Type-2 diabetes (T2D) heightens the risk of heart failure, arrhythmias and sudden cardiac death, even in the absence of vascular complications. However, the underlying mechanisms are poorly understood. We propose that a critical contributor to diabetic heart disease involves myocyte Na+ dysregulation. Maintenance of cardiac Na+ homeostasis is vital for preserving heart function. Elevated myocyte Na+ concentration ([Na+]i) causes oxidative stress and augments the sarcoplasmic reticulum (SR) Ca2+ leak, thus amplifying the risk for arrhythmias and promoting heart dysfunction. Using a rat model of late-onset T2D (the HIP rat) that displays myocardial dysfunction and arrhythmias, we recently found that [Na+]i is increased in T2D hearts. Unexpectedly, higher [Na+]i seems to be caused by enhanced Na+ entry through the Na+-glucose cotransporter isoform 1 (SGLT1), a previously ignored player in cellular Na+ homeostasis. Furthermore, we found higher SGLT1 expression in hearts from patients with T2D compared to lean, non-diabetic individuals and in hearts from diabetic HIP rats vs. control rats. Cardiac-specific SGLT1 overexpression was recently shown to cause hypertrophy and left-ventricular dysfunction, while SGLT1 activation has been linked to the cardiomyopathy caused by mutations in the gene encoding the ?2 subunit of AMP-activated protein kinase. Thus, the evidence that enhanced SGLT1 activity damages the heart is mounting, but little is known about the underlying mechanisms and its role in diabetic cardiomyopathy. Based on these findings, we hypothesize that SGLT1 upregulation contributes to the multifactorial mechanism driving cardiac remodeling in T2D by perturbing myocyte Na+ dyshomeostasis. To test this overall hypothesis, we will i) assess the role of SGLT1 activation in the myocyte [Na+]i rise and consequent oxidative stress, larger SR Ca2+ leak and spontaneous afterdepolarizations in T2D, ii) test whether SGLT1 upregulation is a maladaptation of the myocardium to impaired insulin-dependent glucose uptake, and iii) assess whether SGLT1 and [Na+]i are elevated in hearts from humans with T2D. Experiments will combine fluorescence imaging, electrophysiology, biochemistry, in vivo assessment of heart function, pharmacological tools, T2D and transgenic animal models and human studies. By integrating physiological and pharmacological analyses in rat and human hearts, this project will establish whether SGLT1 activation and Na+ overload are key events in the pathology of diabetic heart disease and will identify SGLT1 as a new therapeutic target for cardiac complications in T2D patients.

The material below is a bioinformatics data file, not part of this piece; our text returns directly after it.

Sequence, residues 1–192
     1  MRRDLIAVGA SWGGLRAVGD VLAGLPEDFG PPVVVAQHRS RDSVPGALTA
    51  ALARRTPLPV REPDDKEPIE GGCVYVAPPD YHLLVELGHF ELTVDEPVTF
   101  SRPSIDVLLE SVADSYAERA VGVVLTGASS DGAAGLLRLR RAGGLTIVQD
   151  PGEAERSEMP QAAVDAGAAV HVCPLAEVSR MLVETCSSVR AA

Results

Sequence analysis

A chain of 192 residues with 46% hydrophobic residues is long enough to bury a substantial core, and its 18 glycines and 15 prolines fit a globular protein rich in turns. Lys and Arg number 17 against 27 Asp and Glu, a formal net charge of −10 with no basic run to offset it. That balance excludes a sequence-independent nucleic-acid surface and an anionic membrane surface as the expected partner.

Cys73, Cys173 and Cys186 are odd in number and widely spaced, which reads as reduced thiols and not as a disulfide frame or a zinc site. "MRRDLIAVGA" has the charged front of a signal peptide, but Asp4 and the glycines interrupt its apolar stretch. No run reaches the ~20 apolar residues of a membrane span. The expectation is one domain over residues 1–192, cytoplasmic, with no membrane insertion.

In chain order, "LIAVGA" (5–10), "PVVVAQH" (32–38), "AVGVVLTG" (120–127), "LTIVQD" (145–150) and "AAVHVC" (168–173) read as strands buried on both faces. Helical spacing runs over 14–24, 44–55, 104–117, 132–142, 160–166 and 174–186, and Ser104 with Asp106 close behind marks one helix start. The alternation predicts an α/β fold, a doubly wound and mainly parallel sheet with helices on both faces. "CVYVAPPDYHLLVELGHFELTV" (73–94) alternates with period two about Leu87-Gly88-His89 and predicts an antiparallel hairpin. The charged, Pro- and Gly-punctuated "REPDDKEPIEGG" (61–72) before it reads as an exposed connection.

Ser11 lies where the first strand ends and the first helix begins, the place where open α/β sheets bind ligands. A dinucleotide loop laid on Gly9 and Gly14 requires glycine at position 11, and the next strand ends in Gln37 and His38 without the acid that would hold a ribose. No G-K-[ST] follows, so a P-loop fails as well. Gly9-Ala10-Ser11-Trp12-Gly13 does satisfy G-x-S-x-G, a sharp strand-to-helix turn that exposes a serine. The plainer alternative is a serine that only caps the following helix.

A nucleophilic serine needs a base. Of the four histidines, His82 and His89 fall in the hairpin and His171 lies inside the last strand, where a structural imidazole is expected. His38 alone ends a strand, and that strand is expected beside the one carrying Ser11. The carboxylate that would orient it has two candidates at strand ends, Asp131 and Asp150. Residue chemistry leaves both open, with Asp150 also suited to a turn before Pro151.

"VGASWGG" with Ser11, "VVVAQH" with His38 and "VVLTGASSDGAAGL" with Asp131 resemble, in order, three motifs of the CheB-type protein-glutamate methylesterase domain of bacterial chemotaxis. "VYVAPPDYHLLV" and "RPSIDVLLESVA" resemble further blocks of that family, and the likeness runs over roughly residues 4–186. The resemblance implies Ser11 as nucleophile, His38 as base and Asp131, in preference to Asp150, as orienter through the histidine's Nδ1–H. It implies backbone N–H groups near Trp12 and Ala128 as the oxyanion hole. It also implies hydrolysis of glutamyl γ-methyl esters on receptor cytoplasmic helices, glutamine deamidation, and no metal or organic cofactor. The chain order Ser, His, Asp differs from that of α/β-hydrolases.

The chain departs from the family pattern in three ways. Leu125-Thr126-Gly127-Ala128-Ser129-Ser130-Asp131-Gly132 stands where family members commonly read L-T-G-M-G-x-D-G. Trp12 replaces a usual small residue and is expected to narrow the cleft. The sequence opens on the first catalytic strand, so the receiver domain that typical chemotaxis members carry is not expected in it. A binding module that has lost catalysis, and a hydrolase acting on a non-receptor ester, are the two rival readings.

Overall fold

Public Health Relevance

Type-2 diabetes heightens the risk of heart failure, arrhythmias and sudden cardiac death, but the underlying mechanisms are poorly understood and there is no specific treatment for heart disease in patients with diabetes. Proposed work seeks to test the hypothesis that enhanced activity of the Na+-glucose cotransporter 1 and myocyte Na+ dysregulation are critical contributors to diabetic cardiomyopathy. Thus, this work may identify novel therapeutic targets for cardioprotection that are specifically tailored to patients with type-2 diabetes.

National Institute of Health (NIH)
National Heart, Lung, and Blood Institute (NHLBI)
Research Project (R01)
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Electrical Signaling, Ion Transport, and Arrhythmias Study Section (ESTA)
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Buxton, Denis B
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University of Kentucky
Schools of Medicine
United States
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Popescu, Iuliana; Yin, Guo; Velmurugan, Sathya et al. (2018) Lower sarcoplasmic reticulum Ca2+ threshold for triggering afterdepolarizations in diabetic rat hearts. Heart Rhythm :
Liu, Miao; Hoskins, Amanda; Verma, Nirmal et al. (2018) Amylin and diabetic cardiomyopathy - amylin-induced sarcolemmal Ca2+ leak is independent of diabetic remodeling of myocardium. Biochim Biophys Acta Mol Basis Dis 1864:1923-1930